H.323 An International Telecommunication Union (ITU, http://www.itu.int) standard defining how audio and visual conferencing data is transmitted across networks.
Hop In computer networking, a hop represents one portion of the path between source and destination, usually between two devices.
HyperText Markup Language (HTML) A markup language used to create web pages. Various instructions and sets of tags define how the HTML page will look.
ICT security policy Version D Sept 2007 The set of laws, rules and practices that regulate how assets, including sensitive information, are managed, protected and distributed.
Identification and authentication The process used to determine and verify a user’s identity, usually consisting of a user ID and password.
Internet Engineering Task Force (IETF) The main standards organisation for the internet.
Internet Message Access Protocol (IMAP) server An email server that sends a copy of a message to a client while retaining the original message on the server.
Infrastructure The physical resources forming the institution’s network.
Institution A place of learning where ICT is being used. In this document, this includes all schools, but is not necessarily limited to the school sector and could, for example, include adult learning institutes.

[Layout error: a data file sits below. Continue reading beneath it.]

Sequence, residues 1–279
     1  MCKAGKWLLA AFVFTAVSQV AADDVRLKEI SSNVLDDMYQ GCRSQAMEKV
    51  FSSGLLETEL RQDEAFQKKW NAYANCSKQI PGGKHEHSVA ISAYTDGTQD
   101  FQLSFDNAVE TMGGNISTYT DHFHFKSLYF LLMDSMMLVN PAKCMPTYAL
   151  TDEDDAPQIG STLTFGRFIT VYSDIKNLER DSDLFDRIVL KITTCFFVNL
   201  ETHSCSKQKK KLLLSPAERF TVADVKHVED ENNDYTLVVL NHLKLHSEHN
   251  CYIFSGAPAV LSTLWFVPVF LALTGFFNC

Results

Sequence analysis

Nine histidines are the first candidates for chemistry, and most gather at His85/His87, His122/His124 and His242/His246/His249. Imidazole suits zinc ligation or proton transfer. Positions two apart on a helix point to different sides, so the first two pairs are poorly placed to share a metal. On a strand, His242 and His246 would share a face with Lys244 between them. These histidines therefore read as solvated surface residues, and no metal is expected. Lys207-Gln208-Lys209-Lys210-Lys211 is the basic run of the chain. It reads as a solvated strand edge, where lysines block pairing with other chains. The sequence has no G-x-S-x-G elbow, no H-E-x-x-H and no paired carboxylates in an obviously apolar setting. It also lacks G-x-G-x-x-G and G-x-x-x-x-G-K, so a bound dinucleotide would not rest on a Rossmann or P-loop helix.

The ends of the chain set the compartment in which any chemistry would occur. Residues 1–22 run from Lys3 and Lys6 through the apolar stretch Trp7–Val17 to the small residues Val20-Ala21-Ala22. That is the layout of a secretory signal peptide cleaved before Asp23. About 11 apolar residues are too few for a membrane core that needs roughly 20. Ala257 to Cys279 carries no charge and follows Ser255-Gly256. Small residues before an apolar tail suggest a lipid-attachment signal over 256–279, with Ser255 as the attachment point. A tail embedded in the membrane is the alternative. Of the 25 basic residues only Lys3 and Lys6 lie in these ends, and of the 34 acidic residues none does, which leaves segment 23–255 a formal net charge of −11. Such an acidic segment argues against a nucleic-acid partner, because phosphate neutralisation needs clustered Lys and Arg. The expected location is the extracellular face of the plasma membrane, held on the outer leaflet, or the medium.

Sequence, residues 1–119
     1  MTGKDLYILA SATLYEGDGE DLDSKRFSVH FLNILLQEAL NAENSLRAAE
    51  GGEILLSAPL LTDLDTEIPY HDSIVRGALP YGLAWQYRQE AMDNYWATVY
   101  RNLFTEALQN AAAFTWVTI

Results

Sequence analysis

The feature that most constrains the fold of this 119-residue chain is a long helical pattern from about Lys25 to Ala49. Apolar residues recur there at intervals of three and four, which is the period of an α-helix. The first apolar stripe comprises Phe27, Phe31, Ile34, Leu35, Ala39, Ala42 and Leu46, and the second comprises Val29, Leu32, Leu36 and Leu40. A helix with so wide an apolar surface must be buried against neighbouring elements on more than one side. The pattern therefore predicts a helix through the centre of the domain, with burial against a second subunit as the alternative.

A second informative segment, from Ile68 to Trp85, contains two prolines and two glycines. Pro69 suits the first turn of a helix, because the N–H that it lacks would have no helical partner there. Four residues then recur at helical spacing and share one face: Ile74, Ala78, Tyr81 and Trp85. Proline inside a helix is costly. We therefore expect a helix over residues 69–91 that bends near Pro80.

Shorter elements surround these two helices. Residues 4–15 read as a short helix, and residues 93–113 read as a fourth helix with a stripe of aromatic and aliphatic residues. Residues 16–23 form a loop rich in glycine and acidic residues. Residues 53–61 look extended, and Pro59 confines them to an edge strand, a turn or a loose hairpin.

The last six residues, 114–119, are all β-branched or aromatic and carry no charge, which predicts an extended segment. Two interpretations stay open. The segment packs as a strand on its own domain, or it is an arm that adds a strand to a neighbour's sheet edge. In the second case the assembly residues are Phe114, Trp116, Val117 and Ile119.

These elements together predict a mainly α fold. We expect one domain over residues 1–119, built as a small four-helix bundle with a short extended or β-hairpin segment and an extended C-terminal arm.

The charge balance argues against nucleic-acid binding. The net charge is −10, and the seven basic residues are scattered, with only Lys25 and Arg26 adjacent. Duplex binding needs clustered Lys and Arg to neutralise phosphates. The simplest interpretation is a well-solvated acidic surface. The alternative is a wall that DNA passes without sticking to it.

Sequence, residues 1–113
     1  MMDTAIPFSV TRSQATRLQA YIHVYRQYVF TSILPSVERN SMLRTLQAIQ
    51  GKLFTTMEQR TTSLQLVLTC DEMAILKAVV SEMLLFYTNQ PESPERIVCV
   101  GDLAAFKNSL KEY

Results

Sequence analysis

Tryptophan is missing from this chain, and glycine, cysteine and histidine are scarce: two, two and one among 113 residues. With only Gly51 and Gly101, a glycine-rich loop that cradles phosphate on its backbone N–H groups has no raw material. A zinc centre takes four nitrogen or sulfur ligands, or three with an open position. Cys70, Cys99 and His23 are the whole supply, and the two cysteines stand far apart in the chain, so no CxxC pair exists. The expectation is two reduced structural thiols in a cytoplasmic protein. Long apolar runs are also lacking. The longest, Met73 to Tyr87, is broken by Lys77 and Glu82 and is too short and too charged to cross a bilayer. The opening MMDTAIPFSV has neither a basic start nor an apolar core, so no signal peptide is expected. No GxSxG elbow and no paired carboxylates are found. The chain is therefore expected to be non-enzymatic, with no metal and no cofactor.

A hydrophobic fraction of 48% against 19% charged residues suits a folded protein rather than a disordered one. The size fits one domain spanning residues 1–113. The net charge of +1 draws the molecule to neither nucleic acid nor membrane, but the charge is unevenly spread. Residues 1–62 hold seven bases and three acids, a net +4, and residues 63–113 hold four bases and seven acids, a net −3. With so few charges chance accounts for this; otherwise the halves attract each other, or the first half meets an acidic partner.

Integrity The accuracy and completeness of information and processing methods.
Intrusion-detection system (IDS) and intrusion-prevention system (IPS) IDSs and IPSs are products that can analyse certain types of traffic and determine whether the traffic is legitimate traffic or whether it matches a known pattern, indicating that it is an attack. An example might be web (port 80) traffic, which a firewall would typically be configured to allow. An IDS system can look at the traffic and determine that the traffic is an attack and not valid user traffic, based upon the pattern. An IDS product provides an alert if there is invalid traffic, while an IPS product blocks the offending traffic.